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How Exclusivity Can Be Big for Athletes in Social Media (Part 1)

There’s no doubt that in the last year, social media has exploded in the sports industry, with superstars from different sports joining platforms like Twitter and Facebook to interact with their fans. However, there has almost been as much negative noise about athletes using social media as there has been positive.

Although it may seem like a beat up topic for some, social media, especially in sports is still a fairly new phenomenon. PR crews do the best they can to educate and teach, but Twitter and Facebook were made to encourage open sharing for common-folk, not basketball all stars with paparazzi waiting to analyze their every character and Twitpic.

Simply put, it can be extremely hard for a professional athlete to fully grasp what should or not be said online, even with professional PR aid on the side. Athletes are passionate and emotional, and that’s what makes sports so interesting, but there are grey lines that ought not to be crossed, especially when an athlete is venting and just wants to be heard. I’m not trying to discourage authenticity, but as an athlete, (aka public figure) there are certain rules to play by (ie. – explicit swearing is generally a no-no).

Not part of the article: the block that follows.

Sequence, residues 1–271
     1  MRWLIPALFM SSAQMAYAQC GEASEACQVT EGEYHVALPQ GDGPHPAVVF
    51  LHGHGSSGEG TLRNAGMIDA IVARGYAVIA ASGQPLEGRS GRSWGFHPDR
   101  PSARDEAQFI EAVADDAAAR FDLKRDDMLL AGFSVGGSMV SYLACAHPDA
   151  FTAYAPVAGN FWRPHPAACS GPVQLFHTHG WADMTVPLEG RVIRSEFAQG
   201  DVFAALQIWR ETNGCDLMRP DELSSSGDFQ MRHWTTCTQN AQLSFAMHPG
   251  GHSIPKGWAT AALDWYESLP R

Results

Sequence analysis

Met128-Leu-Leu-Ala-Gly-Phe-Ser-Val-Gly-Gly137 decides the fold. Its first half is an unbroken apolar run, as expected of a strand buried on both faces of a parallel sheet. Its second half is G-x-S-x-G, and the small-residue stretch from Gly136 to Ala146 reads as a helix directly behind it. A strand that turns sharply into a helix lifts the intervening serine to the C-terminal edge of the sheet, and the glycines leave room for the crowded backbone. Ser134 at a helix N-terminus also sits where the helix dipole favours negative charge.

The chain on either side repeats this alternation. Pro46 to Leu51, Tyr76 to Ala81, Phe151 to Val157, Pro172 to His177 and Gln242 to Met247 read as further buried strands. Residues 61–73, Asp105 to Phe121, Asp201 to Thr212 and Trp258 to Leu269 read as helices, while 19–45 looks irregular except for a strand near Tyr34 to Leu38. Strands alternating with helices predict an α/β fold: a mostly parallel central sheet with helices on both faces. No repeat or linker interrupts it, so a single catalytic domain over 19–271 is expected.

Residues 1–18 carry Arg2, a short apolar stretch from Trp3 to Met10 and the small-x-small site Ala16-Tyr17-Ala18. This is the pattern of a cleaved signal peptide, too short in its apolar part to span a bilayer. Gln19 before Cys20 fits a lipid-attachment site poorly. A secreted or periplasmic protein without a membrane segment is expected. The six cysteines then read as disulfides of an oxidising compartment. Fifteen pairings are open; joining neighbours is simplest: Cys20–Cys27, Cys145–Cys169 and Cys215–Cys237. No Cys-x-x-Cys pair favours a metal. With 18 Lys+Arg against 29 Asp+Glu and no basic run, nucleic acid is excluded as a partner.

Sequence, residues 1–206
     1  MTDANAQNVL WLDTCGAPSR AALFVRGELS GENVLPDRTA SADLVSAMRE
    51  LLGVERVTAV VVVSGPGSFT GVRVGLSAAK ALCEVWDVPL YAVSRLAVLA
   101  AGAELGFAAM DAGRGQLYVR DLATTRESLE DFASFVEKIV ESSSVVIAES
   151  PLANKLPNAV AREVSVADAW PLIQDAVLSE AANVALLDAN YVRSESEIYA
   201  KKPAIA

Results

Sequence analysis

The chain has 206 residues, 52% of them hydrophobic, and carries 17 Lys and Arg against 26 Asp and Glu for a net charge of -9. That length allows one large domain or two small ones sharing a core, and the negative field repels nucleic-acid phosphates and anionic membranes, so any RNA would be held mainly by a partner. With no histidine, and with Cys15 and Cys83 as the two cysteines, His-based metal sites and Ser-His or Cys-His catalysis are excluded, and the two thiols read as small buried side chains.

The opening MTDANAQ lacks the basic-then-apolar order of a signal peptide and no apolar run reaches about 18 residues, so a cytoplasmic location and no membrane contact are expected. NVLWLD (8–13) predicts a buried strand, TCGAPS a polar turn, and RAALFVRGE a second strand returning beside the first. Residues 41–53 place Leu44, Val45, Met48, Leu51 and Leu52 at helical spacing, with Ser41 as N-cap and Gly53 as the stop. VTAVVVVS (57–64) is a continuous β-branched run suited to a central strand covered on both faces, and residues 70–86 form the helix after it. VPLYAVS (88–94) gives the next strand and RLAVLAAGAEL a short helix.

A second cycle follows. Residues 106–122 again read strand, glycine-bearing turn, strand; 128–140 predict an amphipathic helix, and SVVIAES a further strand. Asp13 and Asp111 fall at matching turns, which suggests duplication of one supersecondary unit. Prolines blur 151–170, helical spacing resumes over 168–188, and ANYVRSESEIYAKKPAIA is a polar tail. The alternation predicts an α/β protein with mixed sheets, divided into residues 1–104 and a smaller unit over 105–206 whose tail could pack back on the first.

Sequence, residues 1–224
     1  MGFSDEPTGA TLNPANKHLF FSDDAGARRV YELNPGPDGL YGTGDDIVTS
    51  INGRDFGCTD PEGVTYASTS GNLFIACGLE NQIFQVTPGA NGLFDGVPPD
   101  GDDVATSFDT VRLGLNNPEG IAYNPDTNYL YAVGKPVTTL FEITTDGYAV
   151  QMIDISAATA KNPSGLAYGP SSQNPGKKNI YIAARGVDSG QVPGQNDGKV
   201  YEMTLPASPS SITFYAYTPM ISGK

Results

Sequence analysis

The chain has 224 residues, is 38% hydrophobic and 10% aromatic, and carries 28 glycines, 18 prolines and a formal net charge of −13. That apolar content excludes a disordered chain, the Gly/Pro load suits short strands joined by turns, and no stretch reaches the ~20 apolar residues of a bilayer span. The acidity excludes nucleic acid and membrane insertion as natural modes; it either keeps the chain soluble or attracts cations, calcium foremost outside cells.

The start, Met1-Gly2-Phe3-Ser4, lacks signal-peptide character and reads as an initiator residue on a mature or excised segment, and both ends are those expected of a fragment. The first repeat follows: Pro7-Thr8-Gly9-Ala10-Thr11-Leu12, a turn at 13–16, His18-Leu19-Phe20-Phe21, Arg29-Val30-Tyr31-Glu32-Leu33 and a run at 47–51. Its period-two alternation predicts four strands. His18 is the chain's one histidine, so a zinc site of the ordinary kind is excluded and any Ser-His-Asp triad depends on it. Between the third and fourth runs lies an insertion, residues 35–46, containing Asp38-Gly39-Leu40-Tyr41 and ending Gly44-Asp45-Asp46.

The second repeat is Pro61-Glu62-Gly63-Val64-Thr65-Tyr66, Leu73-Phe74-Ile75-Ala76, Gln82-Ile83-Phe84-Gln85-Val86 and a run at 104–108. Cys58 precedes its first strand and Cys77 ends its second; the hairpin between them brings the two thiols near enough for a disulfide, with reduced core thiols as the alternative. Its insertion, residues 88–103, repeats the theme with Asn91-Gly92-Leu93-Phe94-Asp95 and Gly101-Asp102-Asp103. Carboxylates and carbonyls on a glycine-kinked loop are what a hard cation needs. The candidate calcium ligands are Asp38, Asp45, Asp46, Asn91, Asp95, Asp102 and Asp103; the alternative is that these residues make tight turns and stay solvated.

This is where I believe social networks that promote exclusivity can help. Path is a brand new social network hot off the press that allows users to share photos with up to 50 friends. They don’t allow connections to other networks, and pride themselves on creating a community where members are allowed to share honestly and personally. An athlete could use Path as an outlet to add their inner circles and get their online social fix to share openly and freely without having to worry about being politically correct or doing something that may affect their image, while leaving their Twitter and Facebook pages available as engagement tools. Let’s just say Michael Beasley sure could have used Path to show off his new tats.

The revamped Facebook groups is another tool that encourages small, tight knit groups. As of right now, Path has plenty of limitations with no commenting and only allows pictures to be posted through their iPhone app. Facebook groups is a full fledged group network with commenting, photos, link sharing, and email notifications. In a private Facebook group with all his buddies, Charlie Villanueva could talk about fighting Kevin Garnett all he wants in any language he wants without looking like an immature attention seeker.

In part two, I’ll talk more about other creative ways to using ‘exclusivity’ to enhance an athlete’s brand.